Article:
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Letters


January 10, 2019


Posted 2019-01-10

        As I write this letter we are in the second week of a government shutdown that should have never occurred. A government shutdown occurs when Congress fails to pass, or the president refuses to sign, appropriations legislation funding federal government operations and agencies.  

    Per section 7 of The Constitution of the United States this is one of the most basic functions of our elected officials, but since 1976, unfortunately, 22 gaps in federal budget funding have occurred, 10 of which have led to the furlough of “non-essential” federal employees and curtailment of agency activities and services.  Essential employees are still required to work without pay until the government reopens.

    As we know, the current shutdown centers over proposed funding for a US–Mexico border wall.  Granted this is a difficult and emotional issue; however, both political parties refused to address and resolve it during the normal legislative season.

     Unfortunately, their incompetence has resulted in members of the United States Coast Guard and other “mission essential” civil servants (fire and police), who risk their lives, not being paid.

      I find it unconscionable that while these men and women risk their lives on a daily basis, our elected leaders chose to depart Washington, receive their paycheck, and choose not to work to resolve this current impasse – a complete and total dereliction of duty and the oath they took to uphold.  

    Real leaders lead by example and compromise to resolve issues, not cut and run while playing politics with the lives of civil servants who protect this nation at great personal sacrifice.
Yes, this shutdown unfortunately will not be the last, but it is a national disgrace and hurts those who can least afford it.

James R Poplar III
Quickburg


I’m optimistic as the 2019 General Assembly convenes. I recognize the great gains made for Virginians with the historic passage of Medicaid expansion.  

I’m encouraged by increased citizen engagement as reflected by strong voter turnout in the 2018 midterm elections, resulting in a House of Representatives that reflects America and creates appropriate oversight.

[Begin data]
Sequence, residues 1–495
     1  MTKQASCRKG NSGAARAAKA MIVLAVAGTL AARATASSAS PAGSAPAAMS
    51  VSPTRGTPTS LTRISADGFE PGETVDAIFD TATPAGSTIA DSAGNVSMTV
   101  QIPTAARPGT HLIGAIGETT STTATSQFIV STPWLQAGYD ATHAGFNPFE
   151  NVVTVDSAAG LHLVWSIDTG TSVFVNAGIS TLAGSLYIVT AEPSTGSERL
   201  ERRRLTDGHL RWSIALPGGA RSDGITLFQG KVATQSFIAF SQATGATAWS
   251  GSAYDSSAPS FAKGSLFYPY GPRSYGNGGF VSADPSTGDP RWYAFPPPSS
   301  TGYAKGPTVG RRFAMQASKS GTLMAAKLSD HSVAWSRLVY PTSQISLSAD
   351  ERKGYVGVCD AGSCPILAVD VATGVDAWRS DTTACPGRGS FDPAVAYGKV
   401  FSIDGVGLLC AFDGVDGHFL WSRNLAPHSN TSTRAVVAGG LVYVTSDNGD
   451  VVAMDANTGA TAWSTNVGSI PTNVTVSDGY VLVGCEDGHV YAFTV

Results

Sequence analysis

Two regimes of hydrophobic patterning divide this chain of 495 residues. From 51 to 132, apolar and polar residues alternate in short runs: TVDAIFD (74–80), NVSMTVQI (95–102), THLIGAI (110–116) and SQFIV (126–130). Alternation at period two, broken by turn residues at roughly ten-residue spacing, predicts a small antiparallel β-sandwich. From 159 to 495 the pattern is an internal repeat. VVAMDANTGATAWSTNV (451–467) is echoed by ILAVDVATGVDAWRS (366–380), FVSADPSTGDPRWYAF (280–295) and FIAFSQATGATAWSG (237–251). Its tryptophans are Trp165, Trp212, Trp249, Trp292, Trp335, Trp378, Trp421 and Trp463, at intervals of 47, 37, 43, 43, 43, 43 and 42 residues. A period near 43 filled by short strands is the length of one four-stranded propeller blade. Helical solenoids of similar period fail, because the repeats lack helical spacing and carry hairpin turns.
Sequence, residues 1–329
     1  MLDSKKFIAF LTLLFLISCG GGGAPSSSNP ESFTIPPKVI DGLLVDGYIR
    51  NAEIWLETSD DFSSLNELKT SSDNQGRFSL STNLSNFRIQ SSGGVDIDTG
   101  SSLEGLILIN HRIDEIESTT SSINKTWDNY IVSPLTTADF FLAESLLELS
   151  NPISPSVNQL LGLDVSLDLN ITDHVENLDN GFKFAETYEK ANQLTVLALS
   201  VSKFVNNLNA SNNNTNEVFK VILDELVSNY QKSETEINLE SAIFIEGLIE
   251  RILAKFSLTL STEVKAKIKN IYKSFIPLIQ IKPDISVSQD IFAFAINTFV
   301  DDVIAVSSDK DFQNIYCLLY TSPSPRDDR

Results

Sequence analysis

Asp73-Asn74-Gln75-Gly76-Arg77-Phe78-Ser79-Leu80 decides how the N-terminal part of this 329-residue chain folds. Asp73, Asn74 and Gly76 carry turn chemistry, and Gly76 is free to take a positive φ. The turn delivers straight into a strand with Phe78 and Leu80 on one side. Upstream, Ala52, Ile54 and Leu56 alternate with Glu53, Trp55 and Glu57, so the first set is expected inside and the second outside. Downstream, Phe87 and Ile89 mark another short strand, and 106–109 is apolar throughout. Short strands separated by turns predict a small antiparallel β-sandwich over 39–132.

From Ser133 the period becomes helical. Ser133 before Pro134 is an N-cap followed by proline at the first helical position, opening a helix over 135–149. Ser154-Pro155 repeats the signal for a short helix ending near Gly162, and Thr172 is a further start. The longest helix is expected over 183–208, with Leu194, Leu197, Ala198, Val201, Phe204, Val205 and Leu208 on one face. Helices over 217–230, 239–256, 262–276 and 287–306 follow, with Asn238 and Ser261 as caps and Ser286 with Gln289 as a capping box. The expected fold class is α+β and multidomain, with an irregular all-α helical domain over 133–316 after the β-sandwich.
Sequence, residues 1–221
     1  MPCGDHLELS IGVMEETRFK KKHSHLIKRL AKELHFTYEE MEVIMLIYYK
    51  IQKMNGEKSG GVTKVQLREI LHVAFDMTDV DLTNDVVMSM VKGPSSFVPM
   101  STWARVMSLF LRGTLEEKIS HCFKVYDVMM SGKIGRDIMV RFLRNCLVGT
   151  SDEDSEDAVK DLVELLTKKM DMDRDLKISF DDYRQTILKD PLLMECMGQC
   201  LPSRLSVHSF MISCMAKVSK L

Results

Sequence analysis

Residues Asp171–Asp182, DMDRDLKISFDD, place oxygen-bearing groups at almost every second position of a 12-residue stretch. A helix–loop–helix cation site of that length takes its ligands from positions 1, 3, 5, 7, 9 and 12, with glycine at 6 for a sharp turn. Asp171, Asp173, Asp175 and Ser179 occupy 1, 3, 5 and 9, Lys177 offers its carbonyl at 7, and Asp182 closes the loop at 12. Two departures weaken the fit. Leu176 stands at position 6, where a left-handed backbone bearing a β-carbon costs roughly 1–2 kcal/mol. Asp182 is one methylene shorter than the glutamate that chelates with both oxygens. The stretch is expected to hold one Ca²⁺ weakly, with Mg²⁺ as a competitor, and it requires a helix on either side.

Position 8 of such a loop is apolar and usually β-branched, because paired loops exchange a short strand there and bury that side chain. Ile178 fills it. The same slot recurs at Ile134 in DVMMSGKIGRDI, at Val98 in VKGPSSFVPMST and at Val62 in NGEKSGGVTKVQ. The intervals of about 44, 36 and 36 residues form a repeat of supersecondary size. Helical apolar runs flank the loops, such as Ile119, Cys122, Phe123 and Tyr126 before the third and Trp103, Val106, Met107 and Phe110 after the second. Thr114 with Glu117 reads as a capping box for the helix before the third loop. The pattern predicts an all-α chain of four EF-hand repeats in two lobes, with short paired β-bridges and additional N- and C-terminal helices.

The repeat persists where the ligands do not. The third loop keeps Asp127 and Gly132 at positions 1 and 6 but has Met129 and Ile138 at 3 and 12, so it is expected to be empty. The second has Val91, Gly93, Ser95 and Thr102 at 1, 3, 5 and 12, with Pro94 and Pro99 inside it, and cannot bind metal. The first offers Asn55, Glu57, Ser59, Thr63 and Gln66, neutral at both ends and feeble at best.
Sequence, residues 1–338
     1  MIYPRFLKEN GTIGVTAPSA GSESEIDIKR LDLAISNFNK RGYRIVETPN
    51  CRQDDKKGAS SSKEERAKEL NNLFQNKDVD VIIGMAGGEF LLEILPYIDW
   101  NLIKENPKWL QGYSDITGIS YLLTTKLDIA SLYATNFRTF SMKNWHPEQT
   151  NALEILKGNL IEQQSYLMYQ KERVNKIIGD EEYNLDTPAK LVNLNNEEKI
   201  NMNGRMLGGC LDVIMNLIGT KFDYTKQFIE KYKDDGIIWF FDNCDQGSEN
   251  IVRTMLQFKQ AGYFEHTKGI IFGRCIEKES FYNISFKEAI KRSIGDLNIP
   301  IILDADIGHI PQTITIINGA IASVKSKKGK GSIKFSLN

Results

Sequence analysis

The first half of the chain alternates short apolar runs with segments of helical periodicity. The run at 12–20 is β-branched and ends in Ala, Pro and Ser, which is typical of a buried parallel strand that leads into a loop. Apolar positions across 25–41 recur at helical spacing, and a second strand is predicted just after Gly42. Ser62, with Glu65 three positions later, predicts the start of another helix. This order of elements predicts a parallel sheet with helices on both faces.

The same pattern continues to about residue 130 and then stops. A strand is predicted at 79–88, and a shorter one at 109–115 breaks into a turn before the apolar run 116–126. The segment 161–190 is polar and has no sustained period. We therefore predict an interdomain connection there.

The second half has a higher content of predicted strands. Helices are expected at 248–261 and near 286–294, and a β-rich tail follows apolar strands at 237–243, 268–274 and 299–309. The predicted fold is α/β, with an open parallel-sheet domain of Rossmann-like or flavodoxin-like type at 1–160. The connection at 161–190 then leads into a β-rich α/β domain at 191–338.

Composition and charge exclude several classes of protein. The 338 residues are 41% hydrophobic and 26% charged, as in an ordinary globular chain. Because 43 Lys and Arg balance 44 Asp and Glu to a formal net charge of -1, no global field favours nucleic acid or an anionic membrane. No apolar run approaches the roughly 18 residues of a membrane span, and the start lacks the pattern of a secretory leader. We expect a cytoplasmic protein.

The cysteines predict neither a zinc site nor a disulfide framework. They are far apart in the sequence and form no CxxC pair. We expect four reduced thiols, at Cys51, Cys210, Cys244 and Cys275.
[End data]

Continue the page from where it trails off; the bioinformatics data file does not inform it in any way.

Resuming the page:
Here in Virginia, Delegate and House Majority Leader Todd Gilbert and State Senator Mark Obenshain have a unique opportunity to make history this year.

 Virginia is poised to be the 38th and final state needed for ratification of the Equal Rights Amendment.  Shenandoah County Democrats applaud our Republican-majority Board of Supervisors, who, in September, brought positive attention from across the Commonwealth with their support of a resolution for ratification of the ERA.  

Local men and women across the political spectrum have also shown their support by signing some 1,400 postcards in favor of ratification.  

The Shenandoah Valley has demonstrated stronger grassroots support for the ERA than any other area of the Commonwealth as measured by petition signatures and cards.
Upon Virginia’s ratification, the ERA will not see automatic inclusion into the Constitution.  However, Congress and the courts cannot address any procedural issues around the amendment until it is fully ratified.  
We urge Delegate Gilbert and Senator Obenshain to support this non-partisan and critical legislation.  On this 100th anniversary year of women’s right to vote, it’s time for full equal rights under the law.
“Equality of rights under the law shall not be denied or abridged by the United States or any state on account of sex.”  
Gentleman, let’s have Virginia make history again.

Katherine Morrison
Woodstock